Solipsist is an experimental film for the web generation, both its theme and appeal. Philosophical depths reveal themselves upon inspection, but the film’s surface pleasures are more accessible and immediately apparent: abundant, trippy effects, an engaging score and so much color! Its lush visual landscape is the immediate draw, and though the 10 minutes race by as you sit transfixed, the indelible images linger, affirming this as a product of a truly gifted and confident filmmaker.
Comprised of three loosely related scenarios, each segment reflects characters attempting merge or physically connect. This is in reaction to the title of the piece, which refers to a philosophical concept that posits we can only know what is in our own minds, and are thus unavoidably isolated. In an artist statement, the filmmaker, Andrew Huang, notes that he grew up fascinated with the concept, and the tragedy of being trapped in one’s own physiology. Through contemplation of the nature of synaptic gaps in neurons and the structure and purpose of language, ideas for these 3 sketches emerged, centering on attempts to build bridges between individuals.
The internet itself is a bridge-maker of course, a vast information and communication network that connects millions of minds, so we’re very happy to see the film online so soon after its January World Premiere at Slamdance. The film picked up the “Best Experimental” prize at the fest, and will surely pick up more prizes along the way, but it is online where I think it will make its mark. It is the most striking experimental short I’ve seen since Daniel Askill’s seminal We Have Decided Not to Die, and marks a sea change for Huang known for his darker work, like Doll Face, an early YouTube viral hit.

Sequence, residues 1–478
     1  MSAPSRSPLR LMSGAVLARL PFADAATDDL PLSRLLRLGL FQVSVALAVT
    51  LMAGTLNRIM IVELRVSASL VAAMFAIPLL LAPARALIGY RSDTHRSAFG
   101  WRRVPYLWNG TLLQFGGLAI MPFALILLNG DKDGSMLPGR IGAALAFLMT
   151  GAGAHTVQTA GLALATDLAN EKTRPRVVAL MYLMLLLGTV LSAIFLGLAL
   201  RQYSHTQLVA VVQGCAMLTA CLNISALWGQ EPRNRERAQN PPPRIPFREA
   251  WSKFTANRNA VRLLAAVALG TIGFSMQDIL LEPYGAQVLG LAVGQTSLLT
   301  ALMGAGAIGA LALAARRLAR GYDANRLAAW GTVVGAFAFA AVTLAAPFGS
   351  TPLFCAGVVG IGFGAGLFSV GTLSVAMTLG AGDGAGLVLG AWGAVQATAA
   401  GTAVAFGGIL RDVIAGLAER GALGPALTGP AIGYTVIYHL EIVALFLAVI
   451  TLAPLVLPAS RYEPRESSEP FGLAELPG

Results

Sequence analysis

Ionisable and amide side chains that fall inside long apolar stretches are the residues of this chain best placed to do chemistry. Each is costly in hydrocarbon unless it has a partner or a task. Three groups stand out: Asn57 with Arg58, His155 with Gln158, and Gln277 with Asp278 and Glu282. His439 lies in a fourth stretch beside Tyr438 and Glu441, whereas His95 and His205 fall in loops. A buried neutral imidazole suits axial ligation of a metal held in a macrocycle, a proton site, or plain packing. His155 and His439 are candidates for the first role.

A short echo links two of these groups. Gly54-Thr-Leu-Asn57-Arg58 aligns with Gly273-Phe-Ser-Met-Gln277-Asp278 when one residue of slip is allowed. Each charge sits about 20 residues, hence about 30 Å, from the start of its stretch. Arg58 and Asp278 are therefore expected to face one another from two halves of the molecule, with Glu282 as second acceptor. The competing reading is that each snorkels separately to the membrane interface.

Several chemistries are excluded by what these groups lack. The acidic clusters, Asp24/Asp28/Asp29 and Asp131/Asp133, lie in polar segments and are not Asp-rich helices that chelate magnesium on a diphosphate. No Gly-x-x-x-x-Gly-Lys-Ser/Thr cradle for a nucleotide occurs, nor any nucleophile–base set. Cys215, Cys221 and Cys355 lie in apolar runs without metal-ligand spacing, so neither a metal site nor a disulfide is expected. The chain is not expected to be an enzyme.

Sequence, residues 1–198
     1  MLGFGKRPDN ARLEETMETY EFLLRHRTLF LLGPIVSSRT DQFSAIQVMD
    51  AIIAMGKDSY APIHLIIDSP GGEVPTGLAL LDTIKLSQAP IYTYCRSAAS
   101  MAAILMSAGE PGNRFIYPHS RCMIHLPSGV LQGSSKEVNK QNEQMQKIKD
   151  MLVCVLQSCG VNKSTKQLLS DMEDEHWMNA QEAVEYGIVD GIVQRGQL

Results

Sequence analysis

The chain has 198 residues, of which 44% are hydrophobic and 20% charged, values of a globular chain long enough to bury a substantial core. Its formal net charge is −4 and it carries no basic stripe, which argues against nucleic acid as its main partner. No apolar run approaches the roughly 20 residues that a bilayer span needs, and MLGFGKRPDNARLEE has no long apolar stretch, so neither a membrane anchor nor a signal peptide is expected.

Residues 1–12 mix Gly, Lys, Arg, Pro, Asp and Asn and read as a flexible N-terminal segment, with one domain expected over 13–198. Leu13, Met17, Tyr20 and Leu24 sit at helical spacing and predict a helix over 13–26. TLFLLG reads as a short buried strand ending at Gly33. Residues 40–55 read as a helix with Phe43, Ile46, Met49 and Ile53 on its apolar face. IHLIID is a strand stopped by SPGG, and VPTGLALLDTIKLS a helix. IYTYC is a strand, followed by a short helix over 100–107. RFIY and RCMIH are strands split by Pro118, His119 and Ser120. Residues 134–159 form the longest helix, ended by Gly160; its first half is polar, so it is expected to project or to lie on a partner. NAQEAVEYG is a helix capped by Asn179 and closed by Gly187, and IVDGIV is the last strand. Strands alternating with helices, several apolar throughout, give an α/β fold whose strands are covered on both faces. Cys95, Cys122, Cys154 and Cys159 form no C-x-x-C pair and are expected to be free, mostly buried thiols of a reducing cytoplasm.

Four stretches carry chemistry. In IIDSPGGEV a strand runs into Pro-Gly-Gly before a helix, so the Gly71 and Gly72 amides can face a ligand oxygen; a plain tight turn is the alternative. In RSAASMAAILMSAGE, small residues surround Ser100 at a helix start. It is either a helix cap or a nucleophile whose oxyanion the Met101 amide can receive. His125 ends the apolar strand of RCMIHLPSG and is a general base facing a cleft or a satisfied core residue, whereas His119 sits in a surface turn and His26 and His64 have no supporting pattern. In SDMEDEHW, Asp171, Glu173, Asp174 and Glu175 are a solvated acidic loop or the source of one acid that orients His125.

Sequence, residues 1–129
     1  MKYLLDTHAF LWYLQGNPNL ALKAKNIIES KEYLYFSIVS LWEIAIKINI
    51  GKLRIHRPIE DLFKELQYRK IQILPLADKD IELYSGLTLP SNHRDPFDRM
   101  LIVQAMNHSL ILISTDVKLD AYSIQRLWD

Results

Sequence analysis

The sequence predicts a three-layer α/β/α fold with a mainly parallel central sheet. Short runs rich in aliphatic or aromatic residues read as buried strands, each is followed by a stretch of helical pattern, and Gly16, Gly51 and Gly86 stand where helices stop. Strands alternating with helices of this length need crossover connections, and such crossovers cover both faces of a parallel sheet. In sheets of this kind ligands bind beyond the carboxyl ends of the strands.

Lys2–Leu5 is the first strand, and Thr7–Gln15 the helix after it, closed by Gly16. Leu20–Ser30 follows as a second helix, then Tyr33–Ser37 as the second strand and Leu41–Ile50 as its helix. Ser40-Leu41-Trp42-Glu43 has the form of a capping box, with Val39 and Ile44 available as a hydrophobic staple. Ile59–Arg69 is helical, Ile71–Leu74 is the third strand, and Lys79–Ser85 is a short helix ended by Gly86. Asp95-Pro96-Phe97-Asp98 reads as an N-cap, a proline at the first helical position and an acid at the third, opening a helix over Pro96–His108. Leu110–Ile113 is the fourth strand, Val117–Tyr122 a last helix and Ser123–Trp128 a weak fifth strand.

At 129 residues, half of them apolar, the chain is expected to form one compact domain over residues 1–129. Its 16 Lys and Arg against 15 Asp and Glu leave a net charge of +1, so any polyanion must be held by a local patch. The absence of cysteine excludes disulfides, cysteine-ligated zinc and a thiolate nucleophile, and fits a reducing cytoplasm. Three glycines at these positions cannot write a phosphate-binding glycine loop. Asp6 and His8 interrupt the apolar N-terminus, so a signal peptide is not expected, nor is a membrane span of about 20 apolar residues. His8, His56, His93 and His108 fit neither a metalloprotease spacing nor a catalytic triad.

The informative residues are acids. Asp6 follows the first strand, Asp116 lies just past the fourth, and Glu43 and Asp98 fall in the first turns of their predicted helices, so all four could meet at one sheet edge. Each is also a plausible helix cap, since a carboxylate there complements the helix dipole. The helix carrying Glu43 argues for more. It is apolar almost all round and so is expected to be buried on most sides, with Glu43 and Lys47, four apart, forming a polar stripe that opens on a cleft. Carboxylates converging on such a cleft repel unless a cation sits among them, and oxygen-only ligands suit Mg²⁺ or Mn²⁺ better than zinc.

What is even more fascinating about Solipsist though in this age of CG trickery (and considering Huang’s own CG expertise) is that evidently most of it’s stellar effects work is practical (see making-of video). Huang wrote to me saying,
“We shot the film in a tiny stage in Burbank, CA. Everything was shot against greenscreen so the entire film required an immense amount of compositing, especially since much of the film involves practical effects. The only real CG in the film are the tendrils and tentacles that cover the girls’ faces in the first scene. We used a lot of footage reversal effects to create the effect of the girls’ wardrobe growing out over them. The underwater scenes were shot in a 100 gal fishtank. We puppeted the underwater creatures with rods. They were made from a combo of fish bait/tackle, feathers and sculpey. By the end of the shoot they were completely mangled.”